There are many drying agents, P2O5 is one of the ultimate ones and in most cases it is an overkill.

Simple drying at controlled temperature can be your best approach, try to get https://www.sciencedirect.com/science/article/abs/pii/S004060310500211X - it will tell you at what temperature to expect the anhydrous salt even without vacuum. Whether it will be sufficient to make the dry powder you need I have no idea.
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Offline global

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Re: Drying out Cobalt nitrate or other hygroscopic chemicals
« Reply #7 on: August 05, 2019, 07:24:56 PM »
There are many drying agents, P2O5 is one of the ultimate ones and in most cases it is an overkill.

Simple drying at controlled temperature can be your best approach, try to get https://www.sciencedirect.com/science/article/abs/pii/S004060310500211X - it will tell you at what temperature to expect the anhydrous salt even without vacuum. Whether it will be sufficient to make the dry powder you need I have no idea.
Thanks, Borek.  I did a search for drying agents, there are quite a few, like Calcium chloride, magnesium sulfate, and sodium sulfate, as well as Potassium Hydroxide, which I already have.  It also occurred to me that Cobalt Nitrate is also a drying agent, and that controlled heat will dry it out.  I will try that first.  Thanks everyone, for all your help.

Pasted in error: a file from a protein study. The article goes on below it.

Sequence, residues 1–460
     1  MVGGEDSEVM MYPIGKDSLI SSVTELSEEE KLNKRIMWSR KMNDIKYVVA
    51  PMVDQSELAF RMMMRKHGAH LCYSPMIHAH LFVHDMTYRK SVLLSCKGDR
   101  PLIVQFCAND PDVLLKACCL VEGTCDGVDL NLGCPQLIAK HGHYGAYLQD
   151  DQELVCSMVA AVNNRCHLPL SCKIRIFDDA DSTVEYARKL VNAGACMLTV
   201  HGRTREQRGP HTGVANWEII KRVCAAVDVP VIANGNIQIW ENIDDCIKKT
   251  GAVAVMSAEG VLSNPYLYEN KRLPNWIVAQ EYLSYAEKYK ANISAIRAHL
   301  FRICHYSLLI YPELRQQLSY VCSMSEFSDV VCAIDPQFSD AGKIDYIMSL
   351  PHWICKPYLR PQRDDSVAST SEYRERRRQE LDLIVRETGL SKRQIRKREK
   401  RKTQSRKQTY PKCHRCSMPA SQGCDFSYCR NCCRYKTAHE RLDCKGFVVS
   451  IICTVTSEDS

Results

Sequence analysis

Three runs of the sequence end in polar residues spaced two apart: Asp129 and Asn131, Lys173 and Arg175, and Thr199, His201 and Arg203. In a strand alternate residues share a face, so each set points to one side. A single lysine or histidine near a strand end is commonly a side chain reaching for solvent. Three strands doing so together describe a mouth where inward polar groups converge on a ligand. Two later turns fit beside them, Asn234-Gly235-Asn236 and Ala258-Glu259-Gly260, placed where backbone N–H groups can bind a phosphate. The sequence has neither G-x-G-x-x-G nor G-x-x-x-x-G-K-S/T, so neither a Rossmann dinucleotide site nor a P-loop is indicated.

Offline wildfyr

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Re: Drying out Cobalt nitrate or other hygroscopic chemicals
« Reply #8 on: August 05, 2019, 07:54:00 PM »
P2O5 is one of the ultimate ones and in most cases it is an overkill.

Working in an organic lab with easy access to P2O5 I freely admit I go right to it under vacuum every time. Why waste time with another method that could fail, when I know P2O5 will always succeed except in the most stubborn mineral hydrates? Such materials need the absolute christ cooked out of them (like, the sort of oven that needs a crucible for a container instead of glass) if that is the case anyways.

Offline Borek

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Re: Drying out Cobalt nitrate or other hygroscopic chemicals
« Reply #9 on: August 06, 2019, 02:53:17 AM »
Why waste time with another method

Already answered earlier:

However, that sh!t is expensive

Plus, other drying agents are much safer.